Evil designs of pillage upon a complex cultural canvas

The Faustian Bargain

July 14, 2000

Most people are familiar with action films in which the "bad guy" can be immediately identified. Good versus evil is starkly portrayed. Usually good triumphs over evil. But in real life, the reasons why people act in certain ways may be complex and difficult to discern. The Faustian Bargain by Jonathan Petropoulos is a careful study of leading figures in the art world who supported the Third Reich in its denigration of the Jewish population and in its plunder of cultural treasures in Europe.

The book is broken into five main chapters that deal with different players in the art world: the museum directors, the art dealers, the critics, the historians and the artists. There are extensive footnotes, although Petropoulos cautions the reader that the source material is most plentiful for the Nazi leaders. At first glance, one might assume that the theft and pressurised sales of art were merely peripheral to the main events of the war and the Holocaust. However, as the author points out, the forced capture of art was part of the appalling process of dehumanising Jewish families. Art and antiquities can be of special importance to a nation, but they can also be personal to the family that possesses them in a way that money cannot. The Faustian pact can broadly be seen as an exchange of principles and integrity in return for power and knowledge. The art world provides a natural background to explore this notion. The people involved were cultured, educated professionals. Yet they descended into criminality.

Art embodies the highest ideals and reflects the culture of a nation; sadly, the people studied appear to have committed the supreme act of betrayal of their own profession. There is little evidence to suggest that they did so in order to survive. Indeed, most dealers were enthusiastic participants, although a few, such as the Duveen brothers in Paris, resisted the temptation to make easy money. Generally, members of the art world were wealthy and well-respected, and money would not have been a sufficient inducement in itself. Petropoulos demonstrates that what occurred was an exchange of principles for power. A good example he provides is Hans Posse, who became director of the Führermuseum and acquired and catalogued art confiscated from Austrian Jews. He dreamt of building up the greatest art collection in the world to gain a form of immortality. In fact, Posse died in 1942 of cancer and his dream was never realised. However, a burning desire to develop their holdings appears to have swayed a number of museum directors, such as Ernst Buchner, general director of the Bavarian state collections. There were also other factors. Great masterpieces often possess charismatic qualities and one can imagine the excitement in possessing such works. As the author points out, people sought to rationalise their behaviour by relying upon nationalist feelings and arguing that such works were best protected by being taken to Germany. There was also the excuse that they were merely following orders and that, if they failed to comply, other people would carry out the instructions. However, by doing their masters' bidding, various members of the art world (such as Karl Haberstock, a prominent dealer) helped to build up the personal collections of the Nazi leaders and thereby established close relationships with them.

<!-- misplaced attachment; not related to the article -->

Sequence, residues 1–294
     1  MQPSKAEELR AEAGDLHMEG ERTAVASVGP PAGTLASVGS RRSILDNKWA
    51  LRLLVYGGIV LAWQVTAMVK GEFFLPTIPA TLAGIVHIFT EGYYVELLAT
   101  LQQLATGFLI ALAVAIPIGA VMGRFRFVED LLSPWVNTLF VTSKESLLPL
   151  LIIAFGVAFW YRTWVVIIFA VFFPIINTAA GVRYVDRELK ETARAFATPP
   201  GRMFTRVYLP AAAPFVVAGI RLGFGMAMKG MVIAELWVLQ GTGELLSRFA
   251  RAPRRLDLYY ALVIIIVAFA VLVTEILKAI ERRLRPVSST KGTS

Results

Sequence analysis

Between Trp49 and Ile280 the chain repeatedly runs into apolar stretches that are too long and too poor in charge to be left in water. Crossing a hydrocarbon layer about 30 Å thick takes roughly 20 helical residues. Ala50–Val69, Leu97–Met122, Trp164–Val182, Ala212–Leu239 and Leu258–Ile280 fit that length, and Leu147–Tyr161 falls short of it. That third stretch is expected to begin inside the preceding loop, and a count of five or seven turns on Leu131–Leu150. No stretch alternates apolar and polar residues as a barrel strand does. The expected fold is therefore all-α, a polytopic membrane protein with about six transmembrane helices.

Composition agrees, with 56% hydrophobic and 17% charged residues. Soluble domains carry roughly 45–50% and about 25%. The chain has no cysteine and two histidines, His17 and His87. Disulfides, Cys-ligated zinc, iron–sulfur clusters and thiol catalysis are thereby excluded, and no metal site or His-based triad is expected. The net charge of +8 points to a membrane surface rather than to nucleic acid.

A minor criticism is that Petropoulos does not distinguish sufficiently between property seized from Jewish families and that seized from a museum in an occupied country. These actions raise different legal and moral issues. This is even more obvious when the author considers the extent to which the museum directors, art critics and others supported Hitler's purge of "degenerate" modern art from state collections. In moral terms, decisions by museum directors to part with such art as quickly as possible cannot be equated with cases where Jewish families were stripped of works of art on the basis of racist laws. However, this information is rightly included by the author because there is evidence that people were drawn in,and close relationships established, at this first stage when they assisted the Nazis in ridding their country of unwanted works of art.

This book deserves a wide audience. It has an easy style and provides interesting background information not only for academics but also for those involved in the art trade. It sounds a note of warning by including stories of experts who, for money, were prepared to give a false provenance to works of art so that they could be sold after the war. A number of such paintings ended up in provincial museums, donated by people such as Haberstock. But there are more general lessons to be learnt from this book.

One of the biggest menaces to society now is the increase in global crime.It affects the art world, as criminals purchase works as part of a process of money laundering. It is insufficient to target the main actors alone. Successive governments have responded by casting the nets wider so that professionals, such as bankers and solicitors, have a duty to report suspicious movements of money. The Faustian Bargain supports the thesis that such criminals rely heavily upon supporting players for their operations. Those who shut their eyes or who are reckless are tainted morally.

Petropoulos contributes to our understanding of why members of the art world succumbed to the enticements offered during the Third Reich and why, in the end, most escaped prosecution.

Janet Ulph is lecturer in law, University of Durham.

The Faustian Bargain: The Art World in Nazi Germany

Author - Jonathan Petropoulos
ISBN - 0 713 99438 X
Publisher - Allen Lane The Penguin Press
Price - £20.00
Pages - 349

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